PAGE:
Challenges Ahead for South Africa’s Ruling Party – STRATFOR

Challenges Ahead for South Africa’s Ruling Party – STRATFOR

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Stratfor Africa Analyst Stephen Rakowski examines the political problems facing the South African government amid a slump in commodity prices.

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For more in depth analysis on this topic, read In South Africa, an Opportunity to Stall the Government’s Descent

Video Transcript

What is the current state of the South African economy?

South Africa, like the world’s other commodities exporters, has suffered from decreased demand from China and the global economic downturn. Recently published reports signal that the country’s economy continues to worsen, with GDP forecasts cut and official unemployment rising from 24.5 percent to 26.7 percent. The unemployment reality is even worse, though, with the figure likely closer to 50 percent. The loss of jobs comes at a sensitive time for Africa’s most industrialized economy, as municipal elections in August fast approach.

How do things look for the ruling ANC government?

As it stands now, the ruling African National Congress — which has continuously governed the country since 1994 — may suffer historic losses given the economic downturn and voter dissatisfaction with President Zuma’s government. ANC rivals are well-placed to make some notable gains in the municipal elections, particularly in areas that the ANC has historically relied upon. For example, the center-right Democratic Alliance could make a successful push in large urban centers like Port Elizabeth and Pretoria. The loss of metropolitan areas such as these would be a symbolic blow for the ruling ANC. In addition, the far-left Marxist-nationalist Economic Freedom Fighters party — created in 2013 — is poised to make further inroads into one of the ANC’s most important support bases: South Africa’s impoverished majority.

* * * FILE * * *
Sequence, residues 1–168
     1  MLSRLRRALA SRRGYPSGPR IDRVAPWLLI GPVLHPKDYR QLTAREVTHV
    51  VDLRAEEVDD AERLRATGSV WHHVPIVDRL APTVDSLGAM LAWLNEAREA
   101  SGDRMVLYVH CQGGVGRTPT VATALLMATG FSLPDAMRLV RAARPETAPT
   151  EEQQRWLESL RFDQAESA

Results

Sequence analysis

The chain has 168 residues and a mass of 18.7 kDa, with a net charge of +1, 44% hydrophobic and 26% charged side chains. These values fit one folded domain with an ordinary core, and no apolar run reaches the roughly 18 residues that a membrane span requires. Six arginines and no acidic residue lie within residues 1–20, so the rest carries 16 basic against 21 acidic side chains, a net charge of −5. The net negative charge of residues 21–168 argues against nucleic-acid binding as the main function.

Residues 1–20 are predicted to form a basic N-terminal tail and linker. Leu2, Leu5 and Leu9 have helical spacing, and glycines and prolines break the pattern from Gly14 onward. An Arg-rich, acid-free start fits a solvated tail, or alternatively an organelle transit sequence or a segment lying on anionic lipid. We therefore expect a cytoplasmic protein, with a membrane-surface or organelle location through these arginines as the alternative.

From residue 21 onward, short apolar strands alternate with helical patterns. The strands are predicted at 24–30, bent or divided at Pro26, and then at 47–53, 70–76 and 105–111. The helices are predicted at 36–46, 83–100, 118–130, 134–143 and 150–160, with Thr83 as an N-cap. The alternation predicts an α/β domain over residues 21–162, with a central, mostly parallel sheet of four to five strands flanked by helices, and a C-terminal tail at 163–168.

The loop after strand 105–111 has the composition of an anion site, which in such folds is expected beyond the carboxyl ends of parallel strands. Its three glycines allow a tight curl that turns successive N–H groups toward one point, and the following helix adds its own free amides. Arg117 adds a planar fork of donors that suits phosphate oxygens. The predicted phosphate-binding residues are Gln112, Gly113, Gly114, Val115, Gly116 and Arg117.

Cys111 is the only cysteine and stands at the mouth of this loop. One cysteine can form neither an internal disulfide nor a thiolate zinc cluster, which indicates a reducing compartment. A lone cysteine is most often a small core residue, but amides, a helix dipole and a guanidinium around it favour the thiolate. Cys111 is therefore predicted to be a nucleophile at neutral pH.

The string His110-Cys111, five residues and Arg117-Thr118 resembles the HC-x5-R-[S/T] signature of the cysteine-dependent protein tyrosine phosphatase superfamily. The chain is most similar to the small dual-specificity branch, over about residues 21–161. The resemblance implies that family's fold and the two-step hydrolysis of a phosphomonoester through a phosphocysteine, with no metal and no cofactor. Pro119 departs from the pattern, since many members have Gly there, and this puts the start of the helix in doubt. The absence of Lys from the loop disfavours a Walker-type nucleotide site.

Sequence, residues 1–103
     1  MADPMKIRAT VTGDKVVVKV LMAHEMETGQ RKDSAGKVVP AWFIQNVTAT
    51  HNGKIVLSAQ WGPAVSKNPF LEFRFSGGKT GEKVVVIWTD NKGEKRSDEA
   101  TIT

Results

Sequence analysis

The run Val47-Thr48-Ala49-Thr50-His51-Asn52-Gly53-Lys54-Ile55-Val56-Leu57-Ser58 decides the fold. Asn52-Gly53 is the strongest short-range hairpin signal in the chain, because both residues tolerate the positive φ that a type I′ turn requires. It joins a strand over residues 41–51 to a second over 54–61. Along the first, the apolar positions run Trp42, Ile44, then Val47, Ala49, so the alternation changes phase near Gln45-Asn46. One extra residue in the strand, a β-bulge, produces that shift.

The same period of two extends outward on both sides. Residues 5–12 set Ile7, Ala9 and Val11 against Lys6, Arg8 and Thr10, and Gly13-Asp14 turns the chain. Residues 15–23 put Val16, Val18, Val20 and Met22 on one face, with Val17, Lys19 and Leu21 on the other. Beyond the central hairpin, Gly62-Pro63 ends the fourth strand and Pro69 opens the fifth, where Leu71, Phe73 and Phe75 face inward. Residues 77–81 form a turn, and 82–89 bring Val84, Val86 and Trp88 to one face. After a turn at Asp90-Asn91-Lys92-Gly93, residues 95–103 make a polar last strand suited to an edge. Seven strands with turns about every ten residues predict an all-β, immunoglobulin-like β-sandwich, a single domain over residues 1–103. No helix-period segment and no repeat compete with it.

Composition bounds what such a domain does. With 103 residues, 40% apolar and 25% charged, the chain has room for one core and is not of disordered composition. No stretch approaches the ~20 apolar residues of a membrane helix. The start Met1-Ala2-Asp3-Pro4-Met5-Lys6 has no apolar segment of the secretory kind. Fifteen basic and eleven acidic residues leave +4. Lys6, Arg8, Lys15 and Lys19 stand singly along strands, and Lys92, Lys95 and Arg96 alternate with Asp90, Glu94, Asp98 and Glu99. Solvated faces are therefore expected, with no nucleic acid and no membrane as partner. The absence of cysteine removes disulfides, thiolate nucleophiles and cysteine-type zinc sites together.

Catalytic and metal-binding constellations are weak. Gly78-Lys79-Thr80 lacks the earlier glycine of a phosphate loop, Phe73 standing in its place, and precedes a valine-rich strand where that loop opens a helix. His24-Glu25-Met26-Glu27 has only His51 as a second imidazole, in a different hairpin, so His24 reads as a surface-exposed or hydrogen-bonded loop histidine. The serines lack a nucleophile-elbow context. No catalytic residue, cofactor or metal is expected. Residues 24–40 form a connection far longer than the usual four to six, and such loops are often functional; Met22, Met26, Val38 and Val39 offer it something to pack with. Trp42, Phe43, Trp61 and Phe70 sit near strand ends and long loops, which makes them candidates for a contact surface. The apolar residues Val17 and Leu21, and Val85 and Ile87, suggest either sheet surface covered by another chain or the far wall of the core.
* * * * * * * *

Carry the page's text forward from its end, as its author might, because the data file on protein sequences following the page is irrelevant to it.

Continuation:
Why is there controversy over August’s municipal elections?

South Africa’s electoral commission is reportedly considering delaying the elections until 2019. This is because the commission stated that it has no means to credibly establish the addresses of millions of poor South Africans, many of which live in shantytowns built without urban planning. Although the postponement of elections is still unlikely, it cannot be ruled out given a recent Constitutional Court ruling in November 2015 which found that local by-elections in 2013 were not “free and fair” due to erroneous voter information. To avoid similar violations of the South African constitution, the IEC may ask for August’s municipal elections to be pushed off, giving officials more time to meet the requirements set forth by the constitution.

How would delayed elections change things?

Postponing the municipal elections would likely spark initial unrest on South Africa’s streets. That being said, the ANC may perceive a delay to be beneficial, allowing it to avoid possible electoral losses in August and thus prevent deeper fissures from growing within the party. While there is no guarantee that the ANC’s position would be better in 2019 as opposed to now, the short term gain may be difficult for the ruling party to pass up if it gets the chance.


Challenges Ahead for South Africa’s Ruling Party – STRATFOR